Bangladeshi cabinet's approval of legislation to bring about ratification of MC99: A positive step but one with potential pitfalls
On 26 August 2019, the Bangladeshi Cabinet of Ministers approved, in principle, legislation that would ratify the Montreal Convention 1999 (MC99) and bring Bangladesh into the fold with the other 136 states that have ratified MC99.
Context of MC99 in Bangladesh
The underlying motivation for the cabinet's approval is to ensure the rights and security of Bangladeshi passengers who travel to international destinations.
It seems to stem from the aftermath of the 2018 US Bangla loss, which resulted in more than 30 Bangladeshi passengers' death or injury
Civil aviation accidents in Bangladesh currently are governed by the Warsaw Convention 1929 as amended by the Hague Protocol 1955 (Amended Warsaw Convention) despite Bangladesh having signed, but not ratified, MC99 in May 1999.
Under the Amended Warsaw Convention, death or bodily injury claims are subject to a breakable limit of 250,000 francs, which is usually interpreted in Bangladesh as US$25,000.
Accordingly, the ratification of MC99, which does not prescribe any limits of liability for death or bodily injury, is a radical change for travellers, in particular, Bangladeshi passengers on round-trip tickets to international destinations.
Potential pitfalls in Bangladesh's interpretation
However, the available reports on the terms of the underlying ratifying legislation, the Civil Aviation (Montreal Convention 1999) Act 2019, suggests a cause for concern in relation to the interpretation and implementation of the MC99 terms.
Under article 21 of MC99, a threshold of 113,100 Special Drawing Rights (SDR), equivalent to ca.US$160,000, is provided such that the carrier may not rely on any defences for claims relating to death/bodily injury up to that threshold.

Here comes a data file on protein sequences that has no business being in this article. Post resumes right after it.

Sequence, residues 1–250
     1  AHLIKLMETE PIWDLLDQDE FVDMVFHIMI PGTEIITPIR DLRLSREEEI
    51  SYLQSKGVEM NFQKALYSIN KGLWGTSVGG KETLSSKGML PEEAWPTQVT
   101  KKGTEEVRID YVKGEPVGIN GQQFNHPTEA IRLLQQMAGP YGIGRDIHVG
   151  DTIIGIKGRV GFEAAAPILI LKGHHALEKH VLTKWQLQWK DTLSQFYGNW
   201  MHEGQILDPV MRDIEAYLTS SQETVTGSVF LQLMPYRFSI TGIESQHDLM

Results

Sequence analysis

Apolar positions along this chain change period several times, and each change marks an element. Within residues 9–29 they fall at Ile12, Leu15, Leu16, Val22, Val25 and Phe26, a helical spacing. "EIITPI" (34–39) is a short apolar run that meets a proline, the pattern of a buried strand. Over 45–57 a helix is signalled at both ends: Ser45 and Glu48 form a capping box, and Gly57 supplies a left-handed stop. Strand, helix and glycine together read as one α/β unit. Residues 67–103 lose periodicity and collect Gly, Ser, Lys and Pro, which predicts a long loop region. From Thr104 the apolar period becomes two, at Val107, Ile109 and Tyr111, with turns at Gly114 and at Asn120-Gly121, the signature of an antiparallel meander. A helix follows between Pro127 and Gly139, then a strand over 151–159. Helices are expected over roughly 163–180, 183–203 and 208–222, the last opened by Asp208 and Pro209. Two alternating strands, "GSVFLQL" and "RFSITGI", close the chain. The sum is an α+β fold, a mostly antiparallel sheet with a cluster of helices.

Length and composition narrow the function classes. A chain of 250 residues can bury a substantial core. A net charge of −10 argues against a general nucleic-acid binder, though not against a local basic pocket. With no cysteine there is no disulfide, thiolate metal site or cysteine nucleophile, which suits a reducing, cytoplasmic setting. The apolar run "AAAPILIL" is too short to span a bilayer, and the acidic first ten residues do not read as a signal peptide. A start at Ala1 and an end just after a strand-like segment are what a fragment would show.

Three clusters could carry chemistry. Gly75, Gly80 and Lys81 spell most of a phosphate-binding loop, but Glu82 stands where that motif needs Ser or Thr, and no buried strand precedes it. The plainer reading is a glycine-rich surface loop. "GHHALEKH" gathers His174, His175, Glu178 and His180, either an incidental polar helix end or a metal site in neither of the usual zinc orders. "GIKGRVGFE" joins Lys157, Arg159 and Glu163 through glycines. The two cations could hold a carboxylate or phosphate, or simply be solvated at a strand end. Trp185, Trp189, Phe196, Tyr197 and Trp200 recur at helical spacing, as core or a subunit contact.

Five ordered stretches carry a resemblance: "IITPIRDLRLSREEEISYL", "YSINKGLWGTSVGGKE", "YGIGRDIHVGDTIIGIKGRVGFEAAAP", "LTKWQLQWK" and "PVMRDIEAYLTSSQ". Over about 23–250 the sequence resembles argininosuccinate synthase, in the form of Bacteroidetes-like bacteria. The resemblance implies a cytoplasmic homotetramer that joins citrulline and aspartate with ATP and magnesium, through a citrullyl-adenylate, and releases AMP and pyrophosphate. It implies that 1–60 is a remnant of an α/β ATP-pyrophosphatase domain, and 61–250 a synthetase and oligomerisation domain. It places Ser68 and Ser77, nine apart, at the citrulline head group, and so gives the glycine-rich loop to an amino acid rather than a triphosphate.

For any claim above the threshold, limited defences are available to the carrier. Notwithstanding the above, the quantum of any death or bodily injury claim is subject to the claimant being able to prove his/her loss in accordance with the applicable law.
Unfortunately, it appears from reports in the media that the Bangladeshi legislators have misunderstood the operation of article 21 of MC99 and have applied the SDR113,100 threshold as a minimum level compensation for death claims.
In other words, the compensation for a death claim resulting from international air carriage would automatically be SDR113,100 / US$160,000.
Sadly, this misapprehension of the application of article 21 of MC99 is not uncommon.
Similar misinterpretations have been noted in publications issued by the Civil Aviation Authority of Nepal post implementation of MC99 there.
Similar has occurred in legal proceedings in India but, happily, the Court of Appeal in Kerala has rejected the minimum level of compensation argument.
This position is further complicated by rumours that the legislation will impose penalties on any carrier failing to pay the levels of compensation set by the Civil Aviation (Montreal Convention 1999) Act 2019.
It is alleged that these will be a maximum of 10 years' imprisonment or a fine of BDT100 crore / US$11.8 million.
The final draft of the Civil Aviation (Montreal Convention 1999) Act 2019 has yet to be made public though it will pass into law when it is published in the Bangladeshi Gazette.
The exact date of the act's enactment remains pending but it is to be hoped that the concerns highlighted in this article are addressed before the legislation is passed.
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